Tuesday, September 20, 2022

Philippians - a Problem for “the Church has Always been Catholic” Roman Catholicism

There are two problems, one major and one minor, for a certain stream of Roman Catholicism, in the first verse of Philippians.  There are different streams of Roman Catholicism.  One popular stream of Roman Catholicism tries to assert that "the Church has always been Roman Catholic."  Typically, they would just use "Catholic" but their meaning is that they think their church represents an unchanged version of Christianity.  That's not the only stream of Roman Catholic thought.  There are other Roman Catholic views that would recognize the papacy as a development, as something that didn't exist in the earliest days, but eventually developed.

The two problems are for the first stream.  First, here is the verses.

Philippians 1:1 Paul and Timotheus, the servants of Jesus Christ, to all the saints in Christ Jesus which are at Philippi, with the bishops and deacons:

Notice that Paul is writing to the Christians at Philippi, an important Roman colony city.  This city has not just a single bishop in a monoepiscopate.  Instead, the city has plurality of bishops.  The monoepiscopacy was a very natural development (and we see it happening even in some Protestant churches), but it is a merely human tradition, not an apostolic tradition.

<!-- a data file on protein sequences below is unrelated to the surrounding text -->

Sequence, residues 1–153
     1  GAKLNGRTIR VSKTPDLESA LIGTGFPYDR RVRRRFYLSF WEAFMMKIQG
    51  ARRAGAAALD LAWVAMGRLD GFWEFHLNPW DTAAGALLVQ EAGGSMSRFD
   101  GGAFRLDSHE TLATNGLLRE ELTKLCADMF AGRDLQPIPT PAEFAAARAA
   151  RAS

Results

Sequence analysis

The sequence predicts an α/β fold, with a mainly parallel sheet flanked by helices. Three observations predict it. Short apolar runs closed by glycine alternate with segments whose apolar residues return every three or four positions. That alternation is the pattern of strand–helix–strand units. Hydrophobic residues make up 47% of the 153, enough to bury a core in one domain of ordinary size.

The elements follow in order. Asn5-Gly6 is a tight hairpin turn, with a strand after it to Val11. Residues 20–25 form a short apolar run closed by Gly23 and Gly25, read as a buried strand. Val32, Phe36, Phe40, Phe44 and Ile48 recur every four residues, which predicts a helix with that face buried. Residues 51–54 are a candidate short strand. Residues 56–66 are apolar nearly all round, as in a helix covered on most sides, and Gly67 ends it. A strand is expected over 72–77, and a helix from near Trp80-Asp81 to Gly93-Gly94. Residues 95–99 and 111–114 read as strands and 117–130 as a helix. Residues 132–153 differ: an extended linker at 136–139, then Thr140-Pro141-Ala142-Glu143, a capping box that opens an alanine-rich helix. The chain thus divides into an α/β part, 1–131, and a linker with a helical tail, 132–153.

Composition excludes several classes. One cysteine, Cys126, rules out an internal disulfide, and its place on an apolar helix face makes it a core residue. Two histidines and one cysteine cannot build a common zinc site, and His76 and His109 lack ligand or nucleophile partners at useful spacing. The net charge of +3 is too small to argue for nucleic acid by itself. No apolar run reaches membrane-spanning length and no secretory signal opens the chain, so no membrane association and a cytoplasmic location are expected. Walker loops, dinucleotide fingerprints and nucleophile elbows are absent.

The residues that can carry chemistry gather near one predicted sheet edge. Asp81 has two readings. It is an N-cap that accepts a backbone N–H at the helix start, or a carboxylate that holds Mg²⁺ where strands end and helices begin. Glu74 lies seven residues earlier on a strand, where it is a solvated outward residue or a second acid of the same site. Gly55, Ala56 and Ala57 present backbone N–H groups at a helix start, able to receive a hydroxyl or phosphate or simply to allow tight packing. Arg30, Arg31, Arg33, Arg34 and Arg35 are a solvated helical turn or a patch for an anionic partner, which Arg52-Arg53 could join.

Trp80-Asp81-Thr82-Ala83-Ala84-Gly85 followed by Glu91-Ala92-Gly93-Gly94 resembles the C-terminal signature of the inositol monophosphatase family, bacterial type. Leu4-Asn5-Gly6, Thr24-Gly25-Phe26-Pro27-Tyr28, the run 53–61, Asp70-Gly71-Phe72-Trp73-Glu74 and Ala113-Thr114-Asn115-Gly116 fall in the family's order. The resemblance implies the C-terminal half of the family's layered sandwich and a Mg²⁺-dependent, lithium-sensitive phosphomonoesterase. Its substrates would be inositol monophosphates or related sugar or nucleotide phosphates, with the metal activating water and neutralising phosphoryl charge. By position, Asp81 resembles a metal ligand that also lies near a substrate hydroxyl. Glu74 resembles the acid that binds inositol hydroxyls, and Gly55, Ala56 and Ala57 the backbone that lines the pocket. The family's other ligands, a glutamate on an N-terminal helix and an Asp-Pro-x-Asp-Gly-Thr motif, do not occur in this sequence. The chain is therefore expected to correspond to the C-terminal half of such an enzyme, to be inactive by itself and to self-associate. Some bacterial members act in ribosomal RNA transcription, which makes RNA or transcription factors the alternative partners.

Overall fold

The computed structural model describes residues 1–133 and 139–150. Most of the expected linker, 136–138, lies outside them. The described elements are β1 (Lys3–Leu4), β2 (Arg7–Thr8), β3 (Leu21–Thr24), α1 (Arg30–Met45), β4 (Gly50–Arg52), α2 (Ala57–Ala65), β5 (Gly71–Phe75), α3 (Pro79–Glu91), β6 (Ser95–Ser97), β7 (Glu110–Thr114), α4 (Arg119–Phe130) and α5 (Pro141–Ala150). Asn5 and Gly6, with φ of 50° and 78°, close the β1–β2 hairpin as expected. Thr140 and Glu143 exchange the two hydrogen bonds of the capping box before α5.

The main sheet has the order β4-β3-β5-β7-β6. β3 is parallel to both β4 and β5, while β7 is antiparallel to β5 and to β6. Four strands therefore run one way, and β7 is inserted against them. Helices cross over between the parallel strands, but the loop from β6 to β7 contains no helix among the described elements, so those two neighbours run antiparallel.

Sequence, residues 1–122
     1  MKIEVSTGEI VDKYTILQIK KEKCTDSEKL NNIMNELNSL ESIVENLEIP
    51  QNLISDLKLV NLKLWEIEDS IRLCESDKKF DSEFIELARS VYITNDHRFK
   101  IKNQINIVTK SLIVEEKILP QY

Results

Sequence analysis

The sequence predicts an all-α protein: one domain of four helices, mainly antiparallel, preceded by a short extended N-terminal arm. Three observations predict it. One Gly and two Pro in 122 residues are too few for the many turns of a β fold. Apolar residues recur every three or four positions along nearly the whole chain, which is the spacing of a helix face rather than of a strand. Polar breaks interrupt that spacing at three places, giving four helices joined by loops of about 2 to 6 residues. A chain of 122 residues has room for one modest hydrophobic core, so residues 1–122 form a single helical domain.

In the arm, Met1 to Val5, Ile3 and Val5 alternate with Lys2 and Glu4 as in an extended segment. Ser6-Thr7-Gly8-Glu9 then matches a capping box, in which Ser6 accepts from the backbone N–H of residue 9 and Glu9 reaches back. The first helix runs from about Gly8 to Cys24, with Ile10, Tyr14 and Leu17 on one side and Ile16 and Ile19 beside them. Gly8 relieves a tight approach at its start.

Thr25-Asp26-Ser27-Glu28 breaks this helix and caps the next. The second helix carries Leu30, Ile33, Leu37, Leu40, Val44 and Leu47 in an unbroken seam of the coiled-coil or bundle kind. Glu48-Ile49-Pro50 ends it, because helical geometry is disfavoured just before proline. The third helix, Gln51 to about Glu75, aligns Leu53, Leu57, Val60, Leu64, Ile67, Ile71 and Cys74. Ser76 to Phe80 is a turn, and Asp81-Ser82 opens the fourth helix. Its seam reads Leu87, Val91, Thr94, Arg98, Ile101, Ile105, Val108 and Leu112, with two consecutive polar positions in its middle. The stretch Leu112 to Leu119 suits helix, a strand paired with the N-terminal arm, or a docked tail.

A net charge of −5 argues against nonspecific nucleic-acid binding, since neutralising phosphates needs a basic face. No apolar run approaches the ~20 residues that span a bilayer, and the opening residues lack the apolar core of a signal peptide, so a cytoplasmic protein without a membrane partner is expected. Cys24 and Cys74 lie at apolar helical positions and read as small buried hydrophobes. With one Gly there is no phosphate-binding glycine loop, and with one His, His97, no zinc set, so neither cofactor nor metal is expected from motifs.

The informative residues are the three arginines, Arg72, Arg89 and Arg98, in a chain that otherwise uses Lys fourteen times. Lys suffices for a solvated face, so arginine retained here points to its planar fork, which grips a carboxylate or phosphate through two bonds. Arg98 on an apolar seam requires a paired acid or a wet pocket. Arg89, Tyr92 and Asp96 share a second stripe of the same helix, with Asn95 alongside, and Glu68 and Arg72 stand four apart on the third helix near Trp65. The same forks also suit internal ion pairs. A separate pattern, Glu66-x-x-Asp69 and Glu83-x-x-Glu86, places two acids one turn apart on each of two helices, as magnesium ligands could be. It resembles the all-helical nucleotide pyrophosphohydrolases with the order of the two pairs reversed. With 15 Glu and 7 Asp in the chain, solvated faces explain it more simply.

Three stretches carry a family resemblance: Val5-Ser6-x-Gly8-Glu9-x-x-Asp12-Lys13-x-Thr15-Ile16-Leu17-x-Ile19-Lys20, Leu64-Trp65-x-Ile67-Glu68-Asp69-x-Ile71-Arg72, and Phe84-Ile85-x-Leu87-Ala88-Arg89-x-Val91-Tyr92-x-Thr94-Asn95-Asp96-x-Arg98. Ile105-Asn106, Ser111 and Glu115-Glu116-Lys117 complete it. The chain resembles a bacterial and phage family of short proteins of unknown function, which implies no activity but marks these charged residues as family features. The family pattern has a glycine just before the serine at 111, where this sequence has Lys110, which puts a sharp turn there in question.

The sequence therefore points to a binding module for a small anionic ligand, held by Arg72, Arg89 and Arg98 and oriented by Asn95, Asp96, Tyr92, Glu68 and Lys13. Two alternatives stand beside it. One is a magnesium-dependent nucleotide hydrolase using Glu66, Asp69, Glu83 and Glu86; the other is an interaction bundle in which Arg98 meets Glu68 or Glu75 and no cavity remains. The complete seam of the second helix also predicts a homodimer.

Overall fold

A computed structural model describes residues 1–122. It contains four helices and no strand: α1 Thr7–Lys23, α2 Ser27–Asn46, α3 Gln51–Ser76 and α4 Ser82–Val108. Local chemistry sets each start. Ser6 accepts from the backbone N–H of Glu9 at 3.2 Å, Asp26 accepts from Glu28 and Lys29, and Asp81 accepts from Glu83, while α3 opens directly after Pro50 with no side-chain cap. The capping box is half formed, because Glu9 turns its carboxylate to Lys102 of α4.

Likewise, notice that Timothy is the natural successor of Paul.  Timothy is not one of the apostles, but he appears in Philippians as Paul's co-author (Philippians 1:1) and messenger (Philippians 1:1), and Timothy also appears as Paul's co-worker in Romans (Romans 16:21) as Paul's messenger to Corinth (1 Corinthians 4:17 and 16:10), as a fellow preacher with Paul and Silvanus in Corinth (2 Corinthians 1:19), as Paul's messenger to Thessalonica (1 Thessalonians 3:2) and from Thessalonica (1 Thessalonians 3:6), as the recipient of two personal epistles of Paul (1 & 2 Timothy), and as the companion of the author of Hebrews (Hebrews 13:23), which is often ascribed to Paul.  Moreover, Timothy is co-author of 2 Corinthians (2 Corinthians 1:1), Colossians (Colossians 1:1), 1 Thessalonians (1 Thessalonians 1:1), 2 Thessalonians (2 Thessalonians 1:1), and Philemon (Philemon 1).  Who among the second generation of the church is more noted than Timothy? Certainly not the alleged successor of Peter at Rome, Linus or his alleged successor Anacletus/Cletus.

This is a less direct problem for Roman Catholicism, but it should give pause to folks who think that the Bible reflects an early "Roman Catholic" church. 

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